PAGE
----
Atypical Teratoid Rhabdoid tumors (AT/RT) are rare, highly malignant embryonal tumors of the Central Nervous System (CNS). They are genetically characterized by inactivating mutations of the INI1/SMARCB1/hSNF5/BAF47 gene located at chromosome 22q11. These tumors are associated with poor outcomes regardless of surgery, chemotherapy and radiation therapy. Recently, intensive multimodal treatment has provided some improvement in survival, but treatment-related toxicity is high.
A better understanding of the biology of these aggressive tumors is needed in order to find new treatments, improve patient survival, and lower therapy-related toxicity.
Several major biological questions involving this entity are still to be answered. For example, the cell of origin is still not known. Additionally, we do not understand how INI1/SMARCB1 mutation alters cell biology to result in this tumor type. Furthermore, some unique clinical scenarios may provide an opportunity to enhance our knowledge – for example, AT/RTs are typically diagnosed in early childhood, but these tumors can develop in older patients, too, and familial forms have been described. Similarly, this tumor can develop also outside the CNS. In these situations, they are named Malignant Rhabdoid Tumors (MRT).
The mission of iSTAR AT/RT is to leverage state of the art multidisciplinary scientific approaches aiming to gain a better understanding of AT/RT biology, uncovering markers of prognosis, and making discoveries that will drive new therapeutic development. The creation of iSTAR AT/RT is a direct consequence of the work done at Stanley Manne Children's Research Institute in the last 5 years. What started as a modest individual research initiative evolved into an internal and external collaborative effort. Our overall long-term goal is to contribute to quality-of-life improvement of children with AT/RT by effectively stratifying patients at the time of diagnosis and uncovering more effective and less toxic targets for therapeutic intervention.
Rhabdoid Tumor Predisposition Syndrome - RTPS
RTPS is a hereditary cancer syndrome, which presents with a constitutional loss or
inactivation in one allele of the SMARCB1/INI1 gene. This results in an increased risk of developing rhabdoid tumors: atypical teratoid rhabdoid tumors (AT/RT) of the brain, rhabdoid tumors of the kidney (RTK) or malignant rhabdoid tumors (MRT) of other locations. The vast majority of rhabdoid tumors present with “defects” (or mutations) in a gene called SMARCB1/INI1. The SMARCB1/INI1 gene is a tumor suppressor gene.
In all of our cells, we each have two copies of each gene: One that we receive from our mom and the other from our dad. Tumor suppressor genes control cell division and “suppress” tumor formation. When both copies of a tumor suppressor gene are damaged (or mutated) the gene no longer “suppresses" tumor formation, and a tumor may develop.
Most rhabdoid tumors (AT/RTs, RTKs and MRTs) develop sporadically. A sporadic tumor is a tumor in which development is not related to a family history. In sporadic rhabdoid tumors “defects” (or mutations) of the SMARCB1/INI1 gene occur only in the tumor, but not in other cells in the rest of the body.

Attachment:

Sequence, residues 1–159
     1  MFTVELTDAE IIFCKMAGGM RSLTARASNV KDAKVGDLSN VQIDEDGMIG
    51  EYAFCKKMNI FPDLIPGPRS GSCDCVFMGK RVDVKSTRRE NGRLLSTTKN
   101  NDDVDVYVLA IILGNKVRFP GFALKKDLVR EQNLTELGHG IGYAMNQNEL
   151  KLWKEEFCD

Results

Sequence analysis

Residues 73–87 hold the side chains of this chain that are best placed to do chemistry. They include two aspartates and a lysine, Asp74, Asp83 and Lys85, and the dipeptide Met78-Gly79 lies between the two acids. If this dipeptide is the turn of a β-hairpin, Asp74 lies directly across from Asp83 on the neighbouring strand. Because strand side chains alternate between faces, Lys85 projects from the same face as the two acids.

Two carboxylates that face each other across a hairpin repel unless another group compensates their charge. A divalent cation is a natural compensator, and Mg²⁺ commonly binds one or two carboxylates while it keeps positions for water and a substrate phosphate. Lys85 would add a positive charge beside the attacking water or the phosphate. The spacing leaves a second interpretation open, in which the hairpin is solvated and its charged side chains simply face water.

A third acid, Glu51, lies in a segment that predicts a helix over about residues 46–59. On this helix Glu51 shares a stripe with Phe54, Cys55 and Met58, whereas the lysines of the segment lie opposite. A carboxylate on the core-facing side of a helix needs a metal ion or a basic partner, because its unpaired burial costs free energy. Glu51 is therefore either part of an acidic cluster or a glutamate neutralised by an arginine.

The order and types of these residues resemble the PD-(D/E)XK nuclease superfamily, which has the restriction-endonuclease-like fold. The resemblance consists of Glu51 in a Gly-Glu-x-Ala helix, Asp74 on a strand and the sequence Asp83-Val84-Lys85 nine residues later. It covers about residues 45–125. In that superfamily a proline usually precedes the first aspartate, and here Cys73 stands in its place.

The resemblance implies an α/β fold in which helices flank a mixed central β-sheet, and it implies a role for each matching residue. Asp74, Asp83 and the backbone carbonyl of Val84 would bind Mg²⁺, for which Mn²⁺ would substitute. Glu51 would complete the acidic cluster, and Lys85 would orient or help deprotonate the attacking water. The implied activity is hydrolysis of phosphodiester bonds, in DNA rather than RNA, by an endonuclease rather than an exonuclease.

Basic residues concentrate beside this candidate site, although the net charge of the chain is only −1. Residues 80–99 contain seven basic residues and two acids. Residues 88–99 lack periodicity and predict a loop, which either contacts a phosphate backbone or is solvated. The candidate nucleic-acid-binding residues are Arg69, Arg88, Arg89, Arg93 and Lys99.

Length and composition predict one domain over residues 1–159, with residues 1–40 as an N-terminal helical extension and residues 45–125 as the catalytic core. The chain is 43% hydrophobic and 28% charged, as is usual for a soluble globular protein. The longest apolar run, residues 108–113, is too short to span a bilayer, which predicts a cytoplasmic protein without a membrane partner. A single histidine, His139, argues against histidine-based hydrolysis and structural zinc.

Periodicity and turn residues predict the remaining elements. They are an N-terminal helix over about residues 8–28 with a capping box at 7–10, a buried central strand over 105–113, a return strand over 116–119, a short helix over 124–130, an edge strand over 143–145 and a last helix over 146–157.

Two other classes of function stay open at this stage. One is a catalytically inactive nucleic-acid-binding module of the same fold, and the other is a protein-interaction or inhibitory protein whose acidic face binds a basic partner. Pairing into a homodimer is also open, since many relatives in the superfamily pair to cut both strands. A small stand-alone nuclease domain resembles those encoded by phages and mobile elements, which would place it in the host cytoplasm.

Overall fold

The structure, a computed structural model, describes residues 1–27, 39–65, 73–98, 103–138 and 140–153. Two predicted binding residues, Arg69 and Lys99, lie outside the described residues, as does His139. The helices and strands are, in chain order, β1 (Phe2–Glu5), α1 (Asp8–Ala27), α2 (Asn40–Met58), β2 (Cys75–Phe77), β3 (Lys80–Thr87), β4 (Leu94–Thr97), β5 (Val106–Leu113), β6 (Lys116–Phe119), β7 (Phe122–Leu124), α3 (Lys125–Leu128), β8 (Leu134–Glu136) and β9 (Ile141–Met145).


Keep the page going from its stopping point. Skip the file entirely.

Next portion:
In rhabdoid tumor predisposition syndrome, a child may receive a “defective” copy of the SMARCB1/INI1 gene from one of his/her parents. As a result, the child will have one “defective” copy of the gene in every cell in the body. If the other copy of the gene remains “healthy” and functional, the gene will do its job “suppressing” tumor formation, and the child won’t develop a tumor. However, if one extra mutation occurs in the “healthy” copy of the gene, a tumor may develop.
If a mutation in the “healthy” copy of the gene never occurs, the child won’t develop a tumor. However, he/she will be a carrier of the mutation and when the time comes; he/she may pass the mutated gene to his/her children.
In RTPS, the child does not always inherit the mutated SMARCB1/INI1 gene from one of the parents. The child can instead develop the mutation during embryonic development (during the child's formation in the womb). This type of mutation is called de novo. In these cases, the child will also have one “defective” copy of the gene in all of the cells in the body, but parents and siblings won’t have it.
If your child has a rhabdoid tumor (AT/RT, RTK or MRT) and has been tested for SMARCB1/INI1 mutations, there are 4 possible scenarios:
- If the mutation was detected only in the tumor, but not in the blood, the tumor is sporadic. This means that there is no increased risk for your other children to be affected by the disease.
- If the mutation was detected in the tumor and in the blood of the patient, parents should also be tested for the mutation in their blood.
- If the mutation is not detected in parents, this means that the mutation occurred while the child was developing in the uterus (de novo) and therefore the siblings of the affected child are also not at increased risk to develop a tumor.
- If the mutation is detected in one of the parents, siblings need to be tested as well. The reason is that siblings may also have inherited the mutated gene. If this is the case, there is an increased risk of tumor development and/or transmission of the mutated gene to the next generation.
It is still not known if patients with RTPS have a better or worse outcome than children with sporadic rhabdoid tumors. However, in RTPS, genetic counseling is recommended to the families and should be facilitated by clinicians and institutions.
List of publications indexed in PubMed by the Sredni Laboratory
Amreena Suri, BSc, Research Associate 2
Anders W. Bailey, BSc , Research Associate 1
Mario Suzuki, MD, Visiting Scholar
Simone Treiger Sredni, MD, PhD, Research Associate Professor of Neurosurgery, Northwestern University Feinberg School of Medicine